Editorial: Can the Twin States make room at the inn?

Published: 12-23-2023 10:00 PM

The Christmas story as told in the New Testament is a profoundly spiritual one, of course, but it has also a compelling material aspect — “because there was no room for them in the inn,” Mary and Joseph are obliged to find shelter in what one hymn describes as “a lowly cattle shed.” There the newborn infant is “wrapped in swaddling clothes” and laid in a manger, in the humblest of circumstances.

The need for shelter as a central concern of human life should resonate this holiday season whether or not you celebrate Christmas. The federal government reported recently that homelessness in the United States surged in 2023 to its highest level since counting began in 2007: It rose by 12% from the prior year; the homeless population increased by 70,000 individuals to a total of 653,000. Abject misery amid astonishing wealth is the hallmark of our times.

Vermont has the unhappy distinction of having the second highest rate of homelessness per capita in the country for the second year in a row. The annual point-in-time count conducted last January recorded 3,295 homeless people in Vermont The only good news is that only 4% of them were without shelter — living on the streets or in a car or in an abandoned building, for example — compared with 40% nationally.

For its part, New Hampshire experienced one of the sharpest increases in homelessness in the nation, a 52% increase from 2022 to 2023 in the annual point-in-time count, from 1,605 to 2,441. Of the total, nearly 14%, or 338 individuals, were unsheltered. (It should be noted that these counts represent but a snapshot and almost certainly understate the extent of homelessness.)

The severity of the problem is reflected at the local level, for example, in the city of Lebanon’s decision to open a 15-bed seasonal emergency shelter next month at an operational cost of $210,000 and the Upper Valley Haven’s proposal to locate a low-barrier emergency shelter for up to 20 people in Hartford.

The spike in homelessness has been largely and correctly attributed to the dearth of affordable housing available nationally and in the Twin States. The housing vacancy rates in many parts of Vermont and New Hampshire are in the 0.5% range; a healthy affordability index is considered to be a 5% vacancy rate.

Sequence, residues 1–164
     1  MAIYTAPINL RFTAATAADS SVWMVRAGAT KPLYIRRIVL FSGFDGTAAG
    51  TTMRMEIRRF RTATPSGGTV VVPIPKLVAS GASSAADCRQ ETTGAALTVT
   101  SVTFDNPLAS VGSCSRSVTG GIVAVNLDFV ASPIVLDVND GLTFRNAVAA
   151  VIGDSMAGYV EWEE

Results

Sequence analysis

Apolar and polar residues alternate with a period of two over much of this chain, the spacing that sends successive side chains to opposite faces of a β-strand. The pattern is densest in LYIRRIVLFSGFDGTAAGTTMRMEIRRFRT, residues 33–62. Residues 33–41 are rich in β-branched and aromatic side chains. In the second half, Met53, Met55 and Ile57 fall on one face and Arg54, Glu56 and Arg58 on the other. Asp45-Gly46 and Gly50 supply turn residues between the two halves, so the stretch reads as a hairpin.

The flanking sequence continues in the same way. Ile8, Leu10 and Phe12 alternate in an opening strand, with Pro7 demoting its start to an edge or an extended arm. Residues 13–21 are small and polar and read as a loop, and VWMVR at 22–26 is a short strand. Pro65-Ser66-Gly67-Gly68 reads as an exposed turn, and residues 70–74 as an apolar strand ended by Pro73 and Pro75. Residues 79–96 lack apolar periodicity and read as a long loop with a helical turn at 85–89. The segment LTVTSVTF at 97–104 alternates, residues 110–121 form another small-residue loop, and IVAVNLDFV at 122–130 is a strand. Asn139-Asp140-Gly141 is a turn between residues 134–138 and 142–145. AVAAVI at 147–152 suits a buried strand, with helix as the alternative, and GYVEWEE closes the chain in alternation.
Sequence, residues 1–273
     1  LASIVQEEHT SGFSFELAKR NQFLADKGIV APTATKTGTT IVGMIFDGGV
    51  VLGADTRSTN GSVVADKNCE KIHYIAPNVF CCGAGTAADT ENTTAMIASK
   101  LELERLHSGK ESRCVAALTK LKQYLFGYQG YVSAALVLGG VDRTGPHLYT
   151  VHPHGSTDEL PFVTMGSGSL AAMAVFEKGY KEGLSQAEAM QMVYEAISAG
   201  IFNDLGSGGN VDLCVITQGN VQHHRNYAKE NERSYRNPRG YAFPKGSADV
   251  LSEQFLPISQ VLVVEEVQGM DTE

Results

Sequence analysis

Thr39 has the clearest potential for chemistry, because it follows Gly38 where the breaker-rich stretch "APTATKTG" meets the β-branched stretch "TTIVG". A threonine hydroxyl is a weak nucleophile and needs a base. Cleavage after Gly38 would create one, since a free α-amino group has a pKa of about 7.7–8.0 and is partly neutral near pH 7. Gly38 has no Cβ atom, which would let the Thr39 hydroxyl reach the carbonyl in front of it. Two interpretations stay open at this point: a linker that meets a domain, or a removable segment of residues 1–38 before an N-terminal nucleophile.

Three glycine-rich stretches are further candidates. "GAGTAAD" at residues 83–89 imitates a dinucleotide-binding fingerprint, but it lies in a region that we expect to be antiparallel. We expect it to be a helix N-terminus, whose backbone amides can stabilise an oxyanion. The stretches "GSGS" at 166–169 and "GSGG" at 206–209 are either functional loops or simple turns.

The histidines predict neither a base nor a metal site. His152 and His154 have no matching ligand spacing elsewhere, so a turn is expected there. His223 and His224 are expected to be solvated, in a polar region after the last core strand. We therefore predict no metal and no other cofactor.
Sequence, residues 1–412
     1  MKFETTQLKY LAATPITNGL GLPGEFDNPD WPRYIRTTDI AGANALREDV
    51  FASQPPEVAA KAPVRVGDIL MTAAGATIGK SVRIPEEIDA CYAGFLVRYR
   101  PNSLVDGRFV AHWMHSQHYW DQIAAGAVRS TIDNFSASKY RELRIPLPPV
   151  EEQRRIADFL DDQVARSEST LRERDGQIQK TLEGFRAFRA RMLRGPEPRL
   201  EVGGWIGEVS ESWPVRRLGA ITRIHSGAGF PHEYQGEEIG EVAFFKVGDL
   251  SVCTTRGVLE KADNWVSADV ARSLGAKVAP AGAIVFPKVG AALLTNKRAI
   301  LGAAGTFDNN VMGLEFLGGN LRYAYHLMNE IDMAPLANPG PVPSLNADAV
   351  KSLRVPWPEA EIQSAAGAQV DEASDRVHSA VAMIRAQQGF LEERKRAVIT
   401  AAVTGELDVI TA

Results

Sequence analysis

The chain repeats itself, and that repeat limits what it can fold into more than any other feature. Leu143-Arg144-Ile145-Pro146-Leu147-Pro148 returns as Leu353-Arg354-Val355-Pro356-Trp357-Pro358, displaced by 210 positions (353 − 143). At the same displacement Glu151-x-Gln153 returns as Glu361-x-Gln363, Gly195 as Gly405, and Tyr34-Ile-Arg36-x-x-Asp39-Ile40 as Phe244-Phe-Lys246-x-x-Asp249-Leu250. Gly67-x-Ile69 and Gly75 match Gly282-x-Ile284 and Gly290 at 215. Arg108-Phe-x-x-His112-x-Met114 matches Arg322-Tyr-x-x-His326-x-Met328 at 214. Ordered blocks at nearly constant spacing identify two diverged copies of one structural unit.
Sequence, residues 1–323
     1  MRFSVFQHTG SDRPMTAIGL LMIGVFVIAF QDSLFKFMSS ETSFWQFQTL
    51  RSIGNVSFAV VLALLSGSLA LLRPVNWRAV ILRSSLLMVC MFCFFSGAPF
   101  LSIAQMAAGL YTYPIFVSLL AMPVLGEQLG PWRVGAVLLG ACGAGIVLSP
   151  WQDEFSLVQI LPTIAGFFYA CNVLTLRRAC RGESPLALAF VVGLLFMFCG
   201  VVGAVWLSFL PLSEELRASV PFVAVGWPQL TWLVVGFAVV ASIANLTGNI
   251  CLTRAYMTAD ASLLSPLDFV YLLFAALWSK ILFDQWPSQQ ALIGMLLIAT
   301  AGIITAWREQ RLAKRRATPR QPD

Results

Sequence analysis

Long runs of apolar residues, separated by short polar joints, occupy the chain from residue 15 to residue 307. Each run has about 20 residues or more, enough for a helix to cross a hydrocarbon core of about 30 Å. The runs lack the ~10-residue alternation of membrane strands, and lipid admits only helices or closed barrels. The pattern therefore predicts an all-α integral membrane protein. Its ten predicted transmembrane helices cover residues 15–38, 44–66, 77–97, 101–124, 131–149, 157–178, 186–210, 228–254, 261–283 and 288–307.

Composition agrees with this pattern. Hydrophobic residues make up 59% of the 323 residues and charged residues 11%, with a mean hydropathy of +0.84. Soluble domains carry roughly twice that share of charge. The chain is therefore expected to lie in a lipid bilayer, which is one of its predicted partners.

Not surprisingly, both state governments are focused on the need to build much more housing, much more quickly. “The only way to truly address Vermont’s housing crisis, at all levels of income, is to build more housing,” a spokesman for Vermont Gov. Phil Scott said earlier this month.

While acknowledging that more housing will greatly alleviate the homelessness problem in the long term, we don’t think it is the only answer. People become homeless for varied and complex reasons, and both states need a comprehensive, coordinated, centralized plan to address those issues while also building an adequate supply of decent and affordable housing.

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Among many other things, such a plan would support local initiatives such as those being undertaken in Lebanon and Hartford; coordinate state-level resources with the efforts of charities and faith-based groups; figure out how to reintroduce rental subsidies such as those that existed during the pandemic; sponsor and coordinate treatment for mental illness and addiction among the homeless; make sure that those with disabilities have access to the full range of services that allow them to live independently and remain housed; provide safe shelter for people fleeing abusive domestic situations; ensure that military veterans are accessing the support to which they are entitled.

The alternative is what we see in Vermont now. The administration continues to rely on a patchwork of emergency measures in an atmosphere of crisis. As of November, an estimated 800 families were still being housed in the state’s pandemic-era motel program, which will wrap up in April. The Agency of Human Services, in what it concedes is a costly and temporary measure, now proposes to fast-track the establishment by spring of new emergency shelters for families for whom there will no longer be room in the inn. That is a necessary and humane step, but not a long-term answer.